Aug. 12th, 2009

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I've been thinking a lot in the past day or so about Eunice Kennedy Shriver, and what she accomplished in her life, and what it meant.

She was a forceful advocate for people with disabilities, most notably in her founding of Special Olympics, but in other ways as well. I found this article referenced in a piece on Bear in mind that it was written in 1962, at a time when those with mental and developmental disabilities were commonly institutionalized and hidden away. Some of the language in the article isn't quite what we would use today, but in the context of its time, it's quite a dramatic statement of support and possibility. She was also an advocate in other arenas, and pushed her political brothers to consider the issues of those with disabilities as well. (I believe I read yesterday that Ted Kennedy said, "We wouldn't have had an Americans With Disabilities Act without her.")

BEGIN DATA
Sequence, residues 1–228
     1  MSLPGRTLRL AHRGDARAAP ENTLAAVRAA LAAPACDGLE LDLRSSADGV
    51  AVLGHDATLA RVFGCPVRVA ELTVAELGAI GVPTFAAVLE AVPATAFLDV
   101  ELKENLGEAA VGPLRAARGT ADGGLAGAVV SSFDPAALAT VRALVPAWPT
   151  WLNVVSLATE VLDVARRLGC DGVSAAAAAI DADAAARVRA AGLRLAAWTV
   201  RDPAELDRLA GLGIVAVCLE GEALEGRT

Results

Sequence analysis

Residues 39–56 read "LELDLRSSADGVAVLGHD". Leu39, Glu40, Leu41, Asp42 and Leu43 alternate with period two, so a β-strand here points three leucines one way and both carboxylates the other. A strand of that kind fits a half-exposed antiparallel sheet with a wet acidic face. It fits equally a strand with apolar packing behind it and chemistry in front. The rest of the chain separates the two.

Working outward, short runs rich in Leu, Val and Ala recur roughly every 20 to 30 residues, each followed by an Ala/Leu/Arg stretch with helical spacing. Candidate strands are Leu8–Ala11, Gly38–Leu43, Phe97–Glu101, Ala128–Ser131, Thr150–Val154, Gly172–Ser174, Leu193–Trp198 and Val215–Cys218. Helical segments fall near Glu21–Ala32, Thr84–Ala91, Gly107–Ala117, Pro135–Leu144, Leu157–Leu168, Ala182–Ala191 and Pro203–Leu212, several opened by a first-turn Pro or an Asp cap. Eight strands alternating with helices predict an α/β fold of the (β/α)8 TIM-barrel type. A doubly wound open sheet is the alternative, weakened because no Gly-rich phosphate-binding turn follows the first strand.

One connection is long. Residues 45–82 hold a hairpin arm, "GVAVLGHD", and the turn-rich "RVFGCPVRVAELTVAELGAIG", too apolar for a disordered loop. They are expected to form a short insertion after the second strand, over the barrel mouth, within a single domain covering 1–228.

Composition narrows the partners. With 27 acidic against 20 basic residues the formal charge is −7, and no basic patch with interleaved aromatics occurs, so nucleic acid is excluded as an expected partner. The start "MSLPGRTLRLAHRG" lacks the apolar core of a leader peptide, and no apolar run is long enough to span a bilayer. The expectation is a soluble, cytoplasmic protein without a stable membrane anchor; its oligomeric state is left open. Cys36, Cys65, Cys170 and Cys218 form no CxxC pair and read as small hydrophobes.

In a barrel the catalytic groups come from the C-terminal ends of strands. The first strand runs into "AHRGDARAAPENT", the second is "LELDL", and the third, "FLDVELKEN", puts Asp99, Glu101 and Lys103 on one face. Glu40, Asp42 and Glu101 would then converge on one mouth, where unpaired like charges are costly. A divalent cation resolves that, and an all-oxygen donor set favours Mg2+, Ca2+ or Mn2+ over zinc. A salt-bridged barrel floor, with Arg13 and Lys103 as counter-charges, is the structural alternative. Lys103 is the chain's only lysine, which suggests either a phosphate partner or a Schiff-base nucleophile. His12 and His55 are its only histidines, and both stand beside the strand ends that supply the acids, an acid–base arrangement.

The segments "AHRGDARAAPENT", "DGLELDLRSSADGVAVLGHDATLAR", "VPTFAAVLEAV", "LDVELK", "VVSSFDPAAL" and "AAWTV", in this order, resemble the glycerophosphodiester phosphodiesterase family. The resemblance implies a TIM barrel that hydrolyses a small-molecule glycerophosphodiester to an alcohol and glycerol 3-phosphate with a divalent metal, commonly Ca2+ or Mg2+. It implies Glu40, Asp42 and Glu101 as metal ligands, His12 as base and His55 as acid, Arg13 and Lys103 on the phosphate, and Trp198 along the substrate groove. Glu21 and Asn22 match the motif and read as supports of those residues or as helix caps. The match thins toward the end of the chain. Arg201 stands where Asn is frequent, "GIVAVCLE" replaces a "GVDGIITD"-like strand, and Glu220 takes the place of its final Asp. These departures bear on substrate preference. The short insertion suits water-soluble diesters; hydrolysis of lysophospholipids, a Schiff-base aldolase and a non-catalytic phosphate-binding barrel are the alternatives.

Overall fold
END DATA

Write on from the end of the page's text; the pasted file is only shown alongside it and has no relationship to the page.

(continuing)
Some of you know that my brother has developmental disabilities. (It's not a condition with a name; we've never been sure what the specific cause is, though oxygen deprivation during gestation or birth seems to be the most likely.) He's participated in Special Olympics over time, especially in something called Unified Sports -- team sports in which half the team members have disabilities and half don't. His softball games were always a joy to watch. Summer after summer, you could see the players' confidence and abilities improve, and the social outlet was at least as important as the physical. It can be very lonely, I think, to be an adult with disabilities -- especially someone like my brother, who is high-functioning enough to live in his own apartment (with support), but doesn't have a solid social circle. The social support from an organization such as Special Olympics can be vital.

So I salute Mrs. Shriver and all her efforts. Today's facilities and possibilities for people with disabilities are tremendously better than they were 40 years ago, and her advocacy played a significant part in that change.


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